Will Marijuana Advertising Restrictions Produce a More Honest Message?

Marijuana is a restricted industry, meaning that regulations prevent it from being advertised on normal and highly viewed media platforms like television. Other examples of restricted industries are sectors like adult entertainment, an industry that most parents would not want their children to be conscious of until they are older. Since marijuana advertising is only being seen by people that have access to top level clearance, advertising is often much more loose, facetious and straight honest than mainstream advertising.

Pharmaceutical advertisements are on TV all of the time for anyone to see featuring average people living glorious happy lives and then the ad speeds through all of the wild side-effects that can actually make people miserable. It’s an example of an accepted form of mainstream advertising obviously trying to skew its message so viewers only really see the positive side, while downplaying the negatives. Watch this new marijuana advertisement for Briteside, a marijuana delivery service out of Oregon, and see how the restricted industry offers a humorous but also honest perspective on cannabis.

Oregon start-up Briteside enlisted a Los Angeles advertising agency to create some digital marketing for its new delivery service, which serves various dispensaries and provides their customers a means to order and have cannabis products delivered directly to their home.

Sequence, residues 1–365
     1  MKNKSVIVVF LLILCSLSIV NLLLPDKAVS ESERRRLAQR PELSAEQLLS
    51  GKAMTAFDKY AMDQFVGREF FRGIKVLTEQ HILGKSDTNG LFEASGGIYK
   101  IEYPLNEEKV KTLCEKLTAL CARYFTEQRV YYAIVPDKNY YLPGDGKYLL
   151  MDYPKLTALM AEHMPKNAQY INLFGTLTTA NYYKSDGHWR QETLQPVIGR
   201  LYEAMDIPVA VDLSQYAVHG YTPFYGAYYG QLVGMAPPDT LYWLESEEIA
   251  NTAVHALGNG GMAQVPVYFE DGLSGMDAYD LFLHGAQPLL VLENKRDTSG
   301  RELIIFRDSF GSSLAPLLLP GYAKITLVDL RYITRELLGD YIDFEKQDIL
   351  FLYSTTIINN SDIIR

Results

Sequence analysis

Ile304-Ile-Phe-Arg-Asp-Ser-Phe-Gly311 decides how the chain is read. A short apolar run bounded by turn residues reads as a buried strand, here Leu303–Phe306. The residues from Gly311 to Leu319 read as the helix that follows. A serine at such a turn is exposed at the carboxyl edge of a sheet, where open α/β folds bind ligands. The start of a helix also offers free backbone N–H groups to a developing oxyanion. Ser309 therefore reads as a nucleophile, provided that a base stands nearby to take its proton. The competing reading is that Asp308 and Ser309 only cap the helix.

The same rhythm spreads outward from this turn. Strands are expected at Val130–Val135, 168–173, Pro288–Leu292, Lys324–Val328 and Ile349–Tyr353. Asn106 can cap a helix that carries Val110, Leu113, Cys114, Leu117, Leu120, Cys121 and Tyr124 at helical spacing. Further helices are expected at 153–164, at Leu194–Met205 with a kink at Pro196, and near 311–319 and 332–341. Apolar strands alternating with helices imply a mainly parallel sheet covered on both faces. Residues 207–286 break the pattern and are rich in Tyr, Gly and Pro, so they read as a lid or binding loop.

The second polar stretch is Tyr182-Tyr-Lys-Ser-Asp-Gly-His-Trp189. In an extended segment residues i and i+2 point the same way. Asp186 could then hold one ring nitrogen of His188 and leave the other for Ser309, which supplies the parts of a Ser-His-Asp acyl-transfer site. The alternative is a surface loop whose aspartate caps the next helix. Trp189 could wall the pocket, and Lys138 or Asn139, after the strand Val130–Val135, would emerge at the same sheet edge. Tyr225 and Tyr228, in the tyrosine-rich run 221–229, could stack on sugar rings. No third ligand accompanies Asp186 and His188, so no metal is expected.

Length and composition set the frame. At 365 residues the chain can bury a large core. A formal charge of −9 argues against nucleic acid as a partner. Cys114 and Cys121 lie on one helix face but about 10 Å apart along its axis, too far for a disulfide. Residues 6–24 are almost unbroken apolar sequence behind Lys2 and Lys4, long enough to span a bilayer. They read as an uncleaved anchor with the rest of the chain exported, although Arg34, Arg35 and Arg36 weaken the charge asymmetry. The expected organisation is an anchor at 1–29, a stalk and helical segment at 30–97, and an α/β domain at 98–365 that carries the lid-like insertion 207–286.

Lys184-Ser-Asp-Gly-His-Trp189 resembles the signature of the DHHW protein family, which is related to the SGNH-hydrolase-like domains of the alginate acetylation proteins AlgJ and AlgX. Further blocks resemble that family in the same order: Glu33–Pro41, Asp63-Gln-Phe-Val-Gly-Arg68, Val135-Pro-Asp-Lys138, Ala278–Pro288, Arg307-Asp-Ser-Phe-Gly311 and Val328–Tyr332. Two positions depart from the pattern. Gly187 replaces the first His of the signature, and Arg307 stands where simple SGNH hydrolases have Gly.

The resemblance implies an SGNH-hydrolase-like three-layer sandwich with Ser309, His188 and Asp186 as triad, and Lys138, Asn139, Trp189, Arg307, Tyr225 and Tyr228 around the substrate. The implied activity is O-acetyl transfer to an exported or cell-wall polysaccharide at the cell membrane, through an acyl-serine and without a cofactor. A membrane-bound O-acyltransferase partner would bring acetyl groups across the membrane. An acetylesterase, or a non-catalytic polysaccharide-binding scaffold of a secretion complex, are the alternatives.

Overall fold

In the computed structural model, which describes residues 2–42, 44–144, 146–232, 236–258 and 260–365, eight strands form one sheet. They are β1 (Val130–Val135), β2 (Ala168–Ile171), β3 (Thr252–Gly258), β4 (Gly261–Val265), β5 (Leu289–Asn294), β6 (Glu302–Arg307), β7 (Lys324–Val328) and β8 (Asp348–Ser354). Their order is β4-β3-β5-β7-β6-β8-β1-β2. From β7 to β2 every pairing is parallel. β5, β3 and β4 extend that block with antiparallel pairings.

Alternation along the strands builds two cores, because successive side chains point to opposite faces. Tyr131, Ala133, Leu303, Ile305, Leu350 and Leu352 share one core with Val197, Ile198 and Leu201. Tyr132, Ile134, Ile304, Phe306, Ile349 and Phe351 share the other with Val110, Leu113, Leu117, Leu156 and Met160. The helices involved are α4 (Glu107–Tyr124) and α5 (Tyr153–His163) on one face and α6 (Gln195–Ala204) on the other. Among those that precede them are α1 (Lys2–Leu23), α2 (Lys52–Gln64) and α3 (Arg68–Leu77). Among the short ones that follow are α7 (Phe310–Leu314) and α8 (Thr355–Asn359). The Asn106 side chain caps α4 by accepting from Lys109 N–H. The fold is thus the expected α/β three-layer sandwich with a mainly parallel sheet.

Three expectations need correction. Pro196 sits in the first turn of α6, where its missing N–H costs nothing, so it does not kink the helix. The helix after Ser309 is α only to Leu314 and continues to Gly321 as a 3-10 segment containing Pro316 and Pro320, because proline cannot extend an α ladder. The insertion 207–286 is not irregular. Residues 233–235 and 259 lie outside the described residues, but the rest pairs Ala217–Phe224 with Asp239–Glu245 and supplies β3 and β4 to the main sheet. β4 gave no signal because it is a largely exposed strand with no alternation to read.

But the online ad is also a pitch-perfect parody of all those relentless commercials for pharmaceutical products we’ve all been exposed and subjected to over the years.

It starts with a young suburbanite frowning as she deals with life’s daily woes — issues like stress, bills and muscle pain.

Then comes a soothing voiceover: “Sometimes you need to stop worrying and take a deep breath. Sometimes, you need cannabis.”

The ad’s music becomes upbeat as the protagonist makes her online order.

“Choose the experience you want and we’ll send you the dankest herb,” the voiceover continues, as the women’s manically happy response to her delivery makes the Briteside delivery worker look a bit worried.

The video then switches to stereotypical images of peaceful happiness as the voiceover goes into that mile-a-minute reading of disclaimers typical in pharmaceutical ads.

And it adds that the active ingredient tetrahydrocannabinol (THC) “may also induce feelings of existential well-being and relentless optimism.”

AdWeek reported that the folks behind the ad at L.A.-based Sandwich Video pored over pharmaceutical ads on YouTube to get just the right tone for their parody.

“We didn’t want this to come across as a really well-produced joke that wasn’t to be taken seriously,” agency founder Adam Lisagor told the marketing trade publication. “If people thought they were just watching a funny video and didn’t think it was a real product, that would be the worst thing to happen.”

 

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